Have you ever been called by a number you do not recognize and when you answer there is no one on the other side? Did the call have a different country code or did the call happen maybe in the middle of the night? Then you have probably been exposed to a so-called scam call. The phenomenon is also usually called robocalls as it is usually performed by a robot.
But what exactly is a robocall? What is the purpose of them? And, most importantly, what to do when getting a scam? That is something we will try to answer below.
Waves of scam calls
Every now and then a wave of scam calls comes to Sweden. For example, in 2017, tens of thousands of subscribers were called by a + 252 number, for many of the recipients the calls also came in the middle of the night. The calls came, that particular time, from Somalia and were probably so-called robocalls. Robocalls are a type of scam that often intends to steal money from the recipients. In 2017, warnings were issued that consumers should not respond to calls with that country code. Shortly thereafter, calls from Tanzania and Ivory Coast began to come to Sweden instead.
No new phenomenon
However, what happened in 2017 was not a new phenomenon. That kind of scam calls comes and goes at regular intervals. 2008, 2009, 2010 and 2013 had similar waves of scam calls in Sweden. But long before that, as early as 2000, many Japanese people were affected by the same type of conversations.
Robocalls are a problem worldwide
And it is definitely not only Sweden and Japan that are exposed to these robocalls. In the United States, the problem has become so widespread that many measures are being taken to put an end to the scams. The US Federal Communications Commission (FCC) has voted in favor of a proposal that would allow operators to be much more aggressive when it comes to identifying and blocking robocalls. Many of the major US carriers offer services that can protect their users. There have also been some apps that offer automatic call blocking and spam alerts.
What is a scam call?
These scam calls are usually made by a robot, hence the nickname robocall. It is a phone call that uses a computerized autodialer. It is very rarely a physical agent sitting and dialing in these calls.
There are two common scenarios when it comes to this type of call.
No one answers
A common scenario is that when the recipient answers, but no one is on the other side of the line. The idea is that the recipient should hang up and then call back, either out of concern or out of sheer curiosity. Then you end up on a pay line, just like 071 numbers used to work in Sweden in the past. Many times background music is heard or someone answers in bad English, this so that the conversation should go on as long as possible. The calls can cost anywhere from SEK 8 to SEK 60 per minute. As you understand, the cost can easily go away and the calls become very expensive.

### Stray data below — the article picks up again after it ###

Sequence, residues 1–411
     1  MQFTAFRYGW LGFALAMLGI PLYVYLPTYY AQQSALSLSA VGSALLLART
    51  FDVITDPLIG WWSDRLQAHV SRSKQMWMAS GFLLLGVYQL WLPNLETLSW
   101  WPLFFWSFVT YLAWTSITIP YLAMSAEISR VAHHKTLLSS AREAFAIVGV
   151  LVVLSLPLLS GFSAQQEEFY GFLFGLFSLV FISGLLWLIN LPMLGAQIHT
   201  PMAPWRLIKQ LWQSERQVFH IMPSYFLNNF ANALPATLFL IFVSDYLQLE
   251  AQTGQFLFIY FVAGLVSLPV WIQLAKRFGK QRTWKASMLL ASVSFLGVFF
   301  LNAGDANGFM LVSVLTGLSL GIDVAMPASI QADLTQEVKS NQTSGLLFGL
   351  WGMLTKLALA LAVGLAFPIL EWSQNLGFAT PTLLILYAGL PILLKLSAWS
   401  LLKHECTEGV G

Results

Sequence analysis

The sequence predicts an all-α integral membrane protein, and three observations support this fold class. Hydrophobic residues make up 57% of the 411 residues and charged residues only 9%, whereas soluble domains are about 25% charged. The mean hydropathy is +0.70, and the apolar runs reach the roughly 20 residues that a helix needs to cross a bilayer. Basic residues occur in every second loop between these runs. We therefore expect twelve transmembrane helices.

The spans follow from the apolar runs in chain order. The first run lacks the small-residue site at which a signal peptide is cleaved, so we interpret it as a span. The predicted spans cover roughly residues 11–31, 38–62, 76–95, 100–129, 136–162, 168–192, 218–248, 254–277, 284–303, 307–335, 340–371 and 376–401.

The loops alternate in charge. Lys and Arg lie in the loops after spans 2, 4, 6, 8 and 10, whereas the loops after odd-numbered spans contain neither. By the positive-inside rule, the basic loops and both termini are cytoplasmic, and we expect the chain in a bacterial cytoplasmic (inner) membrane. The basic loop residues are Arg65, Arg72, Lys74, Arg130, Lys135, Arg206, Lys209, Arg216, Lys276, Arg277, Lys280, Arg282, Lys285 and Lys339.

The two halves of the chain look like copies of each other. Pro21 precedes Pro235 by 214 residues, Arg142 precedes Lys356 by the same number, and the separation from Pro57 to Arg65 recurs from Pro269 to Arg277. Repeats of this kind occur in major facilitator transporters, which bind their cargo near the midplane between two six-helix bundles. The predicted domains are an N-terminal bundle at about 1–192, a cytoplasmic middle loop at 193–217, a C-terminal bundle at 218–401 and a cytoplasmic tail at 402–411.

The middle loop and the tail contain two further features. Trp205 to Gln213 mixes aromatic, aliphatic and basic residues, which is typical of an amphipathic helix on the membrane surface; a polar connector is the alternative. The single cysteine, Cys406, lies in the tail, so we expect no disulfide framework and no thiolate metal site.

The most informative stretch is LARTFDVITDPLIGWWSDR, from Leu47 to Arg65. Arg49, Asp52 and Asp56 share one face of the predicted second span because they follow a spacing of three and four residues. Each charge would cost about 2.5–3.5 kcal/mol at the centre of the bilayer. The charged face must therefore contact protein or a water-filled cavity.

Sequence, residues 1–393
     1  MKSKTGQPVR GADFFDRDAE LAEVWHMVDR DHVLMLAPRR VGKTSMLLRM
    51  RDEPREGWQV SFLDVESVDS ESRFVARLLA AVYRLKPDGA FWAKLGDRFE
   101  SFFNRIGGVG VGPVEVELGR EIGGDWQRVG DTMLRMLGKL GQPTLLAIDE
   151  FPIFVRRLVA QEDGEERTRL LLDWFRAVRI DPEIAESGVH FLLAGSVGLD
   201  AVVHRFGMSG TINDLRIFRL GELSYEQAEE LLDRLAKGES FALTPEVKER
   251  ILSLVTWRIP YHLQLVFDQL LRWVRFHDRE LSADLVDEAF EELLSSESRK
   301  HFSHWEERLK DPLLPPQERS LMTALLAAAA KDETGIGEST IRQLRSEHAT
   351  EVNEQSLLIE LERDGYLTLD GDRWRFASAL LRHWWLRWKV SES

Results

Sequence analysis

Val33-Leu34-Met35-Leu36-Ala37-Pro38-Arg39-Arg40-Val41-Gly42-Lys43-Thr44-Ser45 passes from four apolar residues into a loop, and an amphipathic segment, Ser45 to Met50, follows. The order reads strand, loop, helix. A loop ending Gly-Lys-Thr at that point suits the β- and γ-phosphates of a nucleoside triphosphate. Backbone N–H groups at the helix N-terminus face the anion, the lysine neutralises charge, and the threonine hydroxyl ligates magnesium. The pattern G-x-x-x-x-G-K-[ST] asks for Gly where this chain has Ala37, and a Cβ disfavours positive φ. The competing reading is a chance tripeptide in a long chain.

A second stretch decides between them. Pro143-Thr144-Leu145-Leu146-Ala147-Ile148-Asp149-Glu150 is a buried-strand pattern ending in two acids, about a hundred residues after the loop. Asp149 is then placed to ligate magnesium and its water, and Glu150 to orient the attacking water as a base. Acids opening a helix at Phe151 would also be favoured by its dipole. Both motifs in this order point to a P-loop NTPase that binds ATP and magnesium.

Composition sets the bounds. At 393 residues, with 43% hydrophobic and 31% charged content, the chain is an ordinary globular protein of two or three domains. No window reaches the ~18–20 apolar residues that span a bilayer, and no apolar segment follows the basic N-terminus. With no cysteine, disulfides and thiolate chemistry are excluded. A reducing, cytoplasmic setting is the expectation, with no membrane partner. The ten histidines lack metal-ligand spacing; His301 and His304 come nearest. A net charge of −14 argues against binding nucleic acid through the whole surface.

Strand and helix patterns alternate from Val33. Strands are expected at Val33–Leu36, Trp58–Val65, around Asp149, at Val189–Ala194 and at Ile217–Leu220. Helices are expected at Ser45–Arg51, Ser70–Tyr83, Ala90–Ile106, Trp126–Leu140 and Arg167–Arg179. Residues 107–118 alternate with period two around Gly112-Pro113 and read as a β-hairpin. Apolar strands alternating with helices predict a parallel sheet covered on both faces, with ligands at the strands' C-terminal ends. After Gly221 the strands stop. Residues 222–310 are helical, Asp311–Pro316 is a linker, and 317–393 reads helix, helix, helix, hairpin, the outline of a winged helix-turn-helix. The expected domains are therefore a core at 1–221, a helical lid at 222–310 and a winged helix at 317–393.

Another common scenario when it comes to robocalls is that a pre-recorded voice message is played after the call is answered. For example, the voice may pretend to be a politician who wants to ask questions before a campaign or pretend to be your bank and claims to want to advertise a new service. The voice then prompts you to make different button selections. In the US, robocalls have also claimed to be the tax authority and in that way try access sensitive information about accounts and tax forms.
Robocalls to companies
Of course, we who work with telephony for companies keep an extra eye on scam calls and their progress. Are you an entrepreneur and received scam calls or robocalls? Unfortunately, hackers can send a large number of robocalls to a company to, for example, cause their PBX to crash. A bit like when hackers send lots of traffic to a website to make it crash.
Robocalls are not just evil
Robocalls have got a bad reputation because they are often scams. But not all robocalls are of an evil nature. They can be used for emergency communication and for public service. For example, in the event of a major fire or accident, messages can reach a large number of people at the same time.
How should you act when getting a scam call?
The advice from the police is easy to follow. If you are not waiting for a call from the other side of the world, you can simply ignore the call by not answering. And be sure not to call back unless you know who the recipient of the call is.
- Do not respond to unexpected calls from other countries.
- Do not call back on phone numbers you do not recognize.
- Make no button selections if you are called by a robot.
- Do not share credit card numbers, passwords or codes over the phone.
Make no button selections
Sometimes the pre-recorded voice can say that you have to make a button selection to get to a representative. For example, “Click 1, then hash, to talk to one of our agents”. What happens when you make a button selection and then interact with the voice prompt is that you confirm to the robot that your number is in use and that someone is answering. What can happen then is that the callers then resell your number or that robocalls come to you more often to you.
If you get a call where someone pretends to be your bank or some similar service, it is safest to hang up. If you want to make sure it was not a genuine call, you can always look up the company’s phone number on their website and call there. But avoid calling back the same number that called you.
New features in Apple’s iOS 13 help you avoid robocalls
When Apple released iOS 13, many new features came along. One of them was that you could choose to send ALL unknown calls directly to the voicemail. Siri will forward calls from contacts that can be found in the contact list, during messages and in the mail. So the remaining calls go directly to your voicemail. If the sender of the call is legitimate, he or she should logically leave a voicemail.